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A gathering of managers of Phil's club empire, 1978/9: from left - standing, Billy Rae (Auckland), Nick Mills (Wellington), Trevor Spitz (Christchurch), Keith "CJ" Adams (Auckland), and two managers from Lion Breweries. Crouching we have "Raving" Ralph Cohen (Phil's club compere) and Phil. It seems to have been taken at the Mon Desir hotel in Takapuna.
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Phil Warren and Billy Bragg in the dressing room at The Galaxy (now The Powerstation), February 1987
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Phil Warren writes to Howard Morrison offering him dates at the new Cosmopolitan Club in Remuera. Howard telegrammed back accepting a week's work. Note the address it was sent to - Howard's work in the late 1960s was primarily in South East Asia.
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Phil Warren (centre) - aged just 19, he was the promoter for Johnny Devlin at Western Springs, February 1959
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The 1958 letter from Amalgamated Cinemas renting Phil Warren the Crystal Palace Ballroom. Phil rented the room until 1973.
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Phil the local body politician opening a swimming pool in the 1990s
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Dylan Taite writes to Phil Warren after The Rolling Stones gig in 1973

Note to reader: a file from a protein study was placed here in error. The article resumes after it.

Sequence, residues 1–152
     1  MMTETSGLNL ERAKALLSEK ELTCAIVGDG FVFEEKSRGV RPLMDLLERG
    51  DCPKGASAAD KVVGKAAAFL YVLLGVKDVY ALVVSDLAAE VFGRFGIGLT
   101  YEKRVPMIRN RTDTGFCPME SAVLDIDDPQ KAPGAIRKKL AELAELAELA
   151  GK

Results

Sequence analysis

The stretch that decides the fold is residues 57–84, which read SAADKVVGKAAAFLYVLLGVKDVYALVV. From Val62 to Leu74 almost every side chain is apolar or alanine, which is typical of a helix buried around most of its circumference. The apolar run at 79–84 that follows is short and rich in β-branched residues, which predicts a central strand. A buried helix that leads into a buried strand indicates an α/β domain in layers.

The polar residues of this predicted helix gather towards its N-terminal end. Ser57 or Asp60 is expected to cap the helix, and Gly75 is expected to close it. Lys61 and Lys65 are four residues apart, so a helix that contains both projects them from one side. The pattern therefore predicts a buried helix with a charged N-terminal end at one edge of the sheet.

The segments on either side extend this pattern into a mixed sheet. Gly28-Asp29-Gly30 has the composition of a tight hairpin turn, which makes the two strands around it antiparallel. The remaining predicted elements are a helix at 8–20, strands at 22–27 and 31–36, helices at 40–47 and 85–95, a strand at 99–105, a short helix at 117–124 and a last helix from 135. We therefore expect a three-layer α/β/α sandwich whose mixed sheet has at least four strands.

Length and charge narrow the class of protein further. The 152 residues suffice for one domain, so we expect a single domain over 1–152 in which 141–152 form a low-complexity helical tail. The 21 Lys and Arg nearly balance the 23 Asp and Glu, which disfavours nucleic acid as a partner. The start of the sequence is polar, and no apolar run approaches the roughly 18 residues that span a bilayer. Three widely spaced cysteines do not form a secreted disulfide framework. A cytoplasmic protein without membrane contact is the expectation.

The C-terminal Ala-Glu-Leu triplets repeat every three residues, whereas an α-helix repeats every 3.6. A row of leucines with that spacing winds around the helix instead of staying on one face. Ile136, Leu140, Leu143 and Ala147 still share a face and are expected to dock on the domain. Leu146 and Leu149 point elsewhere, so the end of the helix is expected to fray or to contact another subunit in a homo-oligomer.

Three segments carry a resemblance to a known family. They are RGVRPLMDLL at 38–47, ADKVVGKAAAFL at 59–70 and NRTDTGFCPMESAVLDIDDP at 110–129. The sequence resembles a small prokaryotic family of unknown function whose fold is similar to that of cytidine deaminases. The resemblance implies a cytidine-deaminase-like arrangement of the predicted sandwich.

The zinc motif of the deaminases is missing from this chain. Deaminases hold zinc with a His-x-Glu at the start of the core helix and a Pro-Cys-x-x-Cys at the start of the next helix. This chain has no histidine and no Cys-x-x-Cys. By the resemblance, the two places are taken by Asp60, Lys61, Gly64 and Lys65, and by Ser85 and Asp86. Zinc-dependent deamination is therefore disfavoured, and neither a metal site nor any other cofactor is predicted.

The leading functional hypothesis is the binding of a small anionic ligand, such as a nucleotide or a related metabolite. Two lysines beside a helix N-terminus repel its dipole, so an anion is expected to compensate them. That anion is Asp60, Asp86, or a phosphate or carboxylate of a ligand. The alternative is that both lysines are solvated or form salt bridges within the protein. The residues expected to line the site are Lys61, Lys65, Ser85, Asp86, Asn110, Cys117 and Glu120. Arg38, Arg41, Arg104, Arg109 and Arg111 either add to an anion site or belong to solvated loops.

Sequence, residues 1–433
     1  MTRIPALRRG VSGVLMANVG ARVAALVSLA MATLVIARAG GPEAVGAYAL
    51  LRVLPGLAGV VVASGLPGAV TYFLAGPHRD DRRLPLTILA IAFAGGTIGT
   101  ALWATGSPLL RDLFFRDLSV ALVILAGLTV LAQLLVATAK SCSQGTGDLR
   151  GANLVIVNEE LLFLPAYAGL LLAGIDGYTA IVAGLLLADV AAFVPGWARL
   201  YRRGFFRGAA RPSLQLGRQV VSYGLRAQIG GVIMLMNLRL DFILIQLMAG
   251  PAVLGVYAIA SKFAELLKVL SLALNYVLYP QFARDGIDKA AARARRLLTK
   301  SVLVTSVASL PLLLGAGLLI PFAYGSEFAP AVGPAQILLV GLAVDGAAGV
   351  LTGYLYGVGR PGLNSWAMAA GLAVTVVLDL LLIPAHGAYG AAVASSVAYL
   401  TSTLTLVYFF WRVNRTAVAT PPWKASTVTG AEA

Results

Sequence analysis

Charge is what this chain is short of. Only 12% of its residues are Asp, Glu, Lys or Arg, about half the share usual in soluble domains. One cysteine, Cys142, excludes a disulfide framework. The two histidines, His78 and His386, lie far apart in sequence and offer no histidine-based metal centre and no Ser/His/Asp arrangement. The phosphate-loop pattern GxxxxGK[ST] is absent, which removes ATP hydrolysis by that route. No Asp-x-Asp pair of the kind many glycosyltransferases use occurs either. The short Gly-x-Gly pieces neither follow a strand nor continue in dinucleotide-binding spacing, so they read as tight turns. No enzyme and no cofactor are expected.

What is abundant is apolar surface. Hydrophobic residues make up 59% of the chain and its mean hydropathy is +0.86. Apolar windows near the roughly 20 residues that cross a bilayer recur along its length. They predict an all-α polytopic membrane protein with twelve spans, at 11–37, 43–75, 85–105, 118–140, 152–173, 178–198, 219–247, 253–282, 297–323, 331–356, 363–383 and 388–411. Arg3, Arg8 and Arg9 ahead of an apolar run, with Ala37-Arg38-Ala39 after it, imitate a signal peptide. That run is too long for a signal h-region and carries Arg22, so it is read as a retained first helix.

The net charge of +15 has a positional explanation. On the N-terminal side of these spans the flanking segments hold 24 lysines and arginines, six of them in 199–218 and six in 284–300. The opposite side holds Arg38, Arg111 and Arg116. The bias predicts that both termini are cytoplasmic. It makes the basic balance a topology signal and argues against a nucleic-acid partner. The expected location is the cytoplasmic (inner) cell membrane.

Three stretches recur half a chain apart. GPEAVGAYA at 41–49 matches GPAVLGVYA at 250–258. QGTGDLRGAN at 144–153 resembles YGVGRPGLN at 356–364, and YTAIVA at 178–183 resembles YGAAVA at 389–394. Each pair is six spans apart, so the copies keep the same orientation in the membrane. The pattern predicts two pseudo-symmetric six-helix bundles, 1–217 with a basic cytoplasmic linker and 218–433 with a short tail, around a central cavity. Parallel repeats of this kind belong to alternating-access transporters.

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Sandy Edmonds and Phil Warren - outtakes from a 1968 proof sheet
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A few of the Fullers' managed and booked acts - there were 8 pages of these artists in the 1969 listings
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Phil Warren and Johnny Devlin, 1959
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Phil's handwritten notes on the advertising copy for one of his clubs, The Oriental Ballroon in Symonds Street
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Phil and friend at The Monaco Club, 1959
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A 1968 invoice for recording from Mascot Studios (in the long demolished Pacific Building on the corner of Queen and Wellesley Streets where the ASB now sits). Each of these amounts represents a single, recorded in one day.
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Phil Warren writes to Dick Rowe, the man who famously turned The Beatles down, offering New Zealand records for UK release. Rowe would write back asking Phil for copies, which Phil supplied with covering notes, some brutally honest.
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Phil Warren in the early 1960s
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The ultimate showman - in 1972 Phil decided that he wanted to import a Canadian Black bear for the Easter Show. The PS is fabulous.